There is vastly more evidence to support the benefits of weight-neutral interventions such as medications than there is to support diets and surgery for weight loss.

    • Great point, Paul Ernsberger PhD! What a great example of how paradigm paralysis can blind us to the import of the evidence we already have in front of us.

  3. Thank you for this. As an Employee Benefits Professional I am aiming to change the persepctive and application amongst employers/brokers/insurance communities of what ‘wellness’ is. The research that’s quoted to sell well being programs is at best questionable – but there’s no questioning going on. I was shocked to find that a recent consulting client had a three year plan in play, to penalize (premium wise) folks who didn’t meet weight loss goals. I provided some strong data contradicting the use of BMI as a measure of ANYTHING that would drive ‘surcharges’ – and have aimed to give them additional thoughts on their program. Once the momentum for such programs is invested in/sold to employers, it’s not easy to put on the brakes. This is most appreciated, Fall.

    • Thanks for the comment, fmelias. I appreciate the reminder that insurance companies and employers are among the most important “consumers” of the claim of EBP – “evidence based” has become the standard for whether or not a practice or procedure will be covered/compensated. It’s going to be terribly important to articulate in a clear and straightforward way – with an authoritative voice – what those inaccuracies are.

  4. Thank you for this thoughtful article. I think it’s important to integrate cultural sensitivity and humility with EBP. Much of the literature is hobbled due to studies only including a narrow range of cultural group memberships.

    • I tend to agree with you, delirium rose. I think we are going to have integrate this intersectional awareness into every set of EBP standards we come up with, otherwise, we propagate the errors of non-inclusion. There is another meta-issue here as well, which is that all the focus on the health consequences of higher BMIs takes attention and resources away from understanding and remediating the health consequences of social determinants that we know actually do affect health.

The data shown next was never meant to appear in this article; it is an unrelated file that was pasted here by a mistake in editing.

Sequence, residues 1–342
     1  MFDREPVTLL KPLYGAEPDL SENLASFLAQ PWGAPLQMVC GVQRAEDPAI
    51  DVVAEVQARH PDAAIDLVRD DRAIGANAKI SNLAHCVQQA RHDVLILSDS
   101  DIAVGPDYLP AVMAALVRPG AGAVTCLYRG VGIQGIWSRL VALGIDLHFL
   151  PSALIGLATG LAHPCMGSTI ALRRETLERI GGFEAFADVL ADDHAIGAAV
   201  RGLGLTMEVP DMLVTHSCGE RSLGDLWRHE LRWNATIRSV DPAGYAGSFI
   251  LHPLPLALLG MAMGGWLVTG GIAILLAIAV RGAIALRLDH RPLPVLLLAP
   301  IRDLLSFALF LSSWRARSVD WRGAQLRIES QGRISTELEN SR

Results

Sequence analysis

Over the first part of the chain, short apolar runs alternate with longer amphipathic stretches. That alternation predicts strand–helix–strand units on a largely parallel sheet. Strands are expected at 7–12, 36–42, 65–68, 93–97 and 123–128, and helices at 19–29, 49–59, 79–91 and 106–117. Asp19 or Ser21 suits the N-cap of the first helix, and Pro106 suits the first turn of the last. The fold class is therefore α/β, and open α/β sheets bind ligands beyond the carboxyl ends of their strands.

5. Another point is the production of assorted “guidelines” – if a patient has this, this, and that diagnosis, you are expected to do this, this and this. (In the case of an “obesity” diagnosis, one of these “guidelines” says that the practitioner is supposed to keep pushing weight loss on the patient at EVERY VISIT, regardless of the reason for the visit.”

    Since many practitioners are not solo practitioners, but are employees (or independent contractors of…) large HMOs or PPO networks, etc., etc., they pretty much have to follow the “guidelines” given to them by the entity writing their paycheck if they want to remain employed.

    When the “guidelines” say that “preferred practitioners” (or “employees” of the HMO) must confront fat patients at every visit about weight loss (and perhaps they are incentivized by offering them better pay if their patients are losing weight, or at least attending Weight Watchers and “trying” to lose weight) the “evidence based” part of the practice occurs at the level of bureaucratic committees who decide what their “preferred practitioners” need to do in order to remain “preferred,” not at the level of the individual practitioner, whose views might not count for much except insofar as the individual practitioner might decide to take a stance and risk losing his or her job (or pay) by not following the organization’s “guidelines.”

    • You’re absolutely right, rg. Too many obese patients are not aware of these guidelines and think that their physician is singling them out for bad treatment. Sadly, patients have to learn to tune out the messages that are scripted out for physicians by higher-ups and move on to what the physician actually thinks.

      • If only the answer to blunting the impact was tuning out the message! But the structural nature of these guidelines means that people are having their medical care held hostage to demands to lose weight or get surgery (bariatric, rather than the kind you really need), or to a lack of equipment for their bodies, or to a lack of trust in the medical relationship because really, how can you trust when people are hamstrung by these structures? There really isn’t a workaround.

      • bodypositive, you make a great point that we still need to change the structure – it’s not OK to just ask the victim to pay no attention to the person inflicting the harm. The structures must change, AND… I think there is a also useful form of patient education here to understand the harm of the systems and structures, and not take the stigmatizing communications at face value – ?